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Health Literacy

Updated on November 13, 2015

You may have experienced this yourself...

You go to the doctor. He tells you what your condition is and how to treat it, and although you do not understand a word he is saying, you do not ask any questions. You do not want the doctor to think you are under-educated, so you just take what he gives you and go home.

None the wiser than before you went to your appointment, you self medicate rather than let any one know of your dilemma.

Studies have shown that up to half of the patients today do not understand basic health care information. Being able to read does not necessarily mean you understand medical lingo.

Patients with low medical language literacy are in danger of experiencing an increase in medical errors. If you add in language and culture barriers in some instances, the negative statistics climb even higher.

This subject is worthy of several hubs, so this is my first in an attempt to inform the general public about health literacy, and make them more aware of how they can help themselves become medically informed.

There is an obvious gap between a doctors extensive knowledge of medicine and the patient's medical understanding. Medical personnel spend several years learning their trade including disease, medicine and practice. Typical patients do not have any medical training. So this leads to a huge chasm.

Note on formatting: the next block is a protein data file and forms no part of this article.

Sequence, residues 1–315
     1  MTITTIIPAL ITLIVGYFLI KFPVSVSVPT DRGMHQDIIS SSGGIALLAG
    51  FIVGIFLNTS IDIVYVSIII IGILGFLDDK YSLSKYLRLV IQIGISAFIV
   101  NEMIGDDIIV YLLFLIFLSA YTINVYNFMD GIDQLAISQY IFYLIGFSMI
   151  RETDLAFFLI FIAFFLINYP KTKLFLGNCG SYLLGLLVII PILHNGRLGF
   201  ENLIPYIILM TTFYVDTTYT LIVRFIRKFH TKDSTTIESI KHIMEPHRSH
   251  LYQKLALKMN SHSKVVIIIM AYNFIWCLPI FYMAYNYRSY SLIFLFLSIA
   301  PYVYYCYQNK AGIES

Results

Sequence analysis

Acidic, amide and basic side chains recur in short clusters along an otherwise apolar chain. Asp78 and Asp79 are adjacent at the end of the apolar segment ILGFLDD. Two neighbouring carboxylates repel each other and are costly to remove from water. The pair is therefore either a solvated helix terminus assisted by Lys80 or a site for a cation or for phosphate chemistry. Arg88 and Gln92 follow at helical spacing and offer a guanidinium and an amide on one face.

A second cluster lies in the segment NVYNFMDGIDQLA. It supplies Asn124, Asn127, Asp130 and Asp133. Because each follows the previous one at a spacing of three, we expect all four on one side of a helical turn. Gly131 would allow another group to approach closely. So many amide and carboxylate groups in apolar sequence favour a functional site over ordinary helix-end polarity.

For example, you may have been referred to the nephrology department of a hospital - without a knowledge of medical language, you may not understand that you are going to a place that treats kidney problems.

Those that have low health literacy:

  • Medically underserved people
  • Those with low socioeconomic status
  • Minority populations
  • Older adults

What may be misunderstood:

  • Directions on medication
  • How to manage chronic health conditions
  • Connection between risky behavior and health
  • How to seek preventive health care
  • How to share medical history with doctor
  • Filing out health forms and questionnaires
  • Locating proper health providers and services

Why should you care?

Poor health status is very high among patients with low health literacy. These persons also incur higher health care costs. This affects all of us.

  • A study of Medicaid patients found that those who read below a third-grade level incurred health care costs four times higher than the average population.
  • Another study showing that low-income men had a much higher rate of advanced prostate cancer than the average.
  • Low functional health literacy individuals receive more health care services which are publicly financed.
  • Those with low functional health literacy are more likely to miss treatments because of confusion about the instructions.

According to the Center for Health Care Strategies, Inc. reported that poor health literacy can have a profound financial consequences. For example, in 2001, low functional literacy resulted in an estimated $32-58 billion in additional health care costs.

Test Your Health Literacy

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You can find all the correct answers and their explanations on my next hub about Health Literacy. Check back to find the link.


Submit a Comment

  • elayne001 profile image

    Elayne 7 years ago from Rocky Mountains

    I did not realize how big a problem it was until I did some research on it. Hopefully more people will open to bridge this gap. I appreciate your comments LianaK.

  • LianaK profile image

    LianaK 7 years ago

    So many people are afraid to speak up and ask their Doctor to explain something to them when they don't understand what they were told. It is really detrimental sometimes. Thank you for spreading awareness about this topic.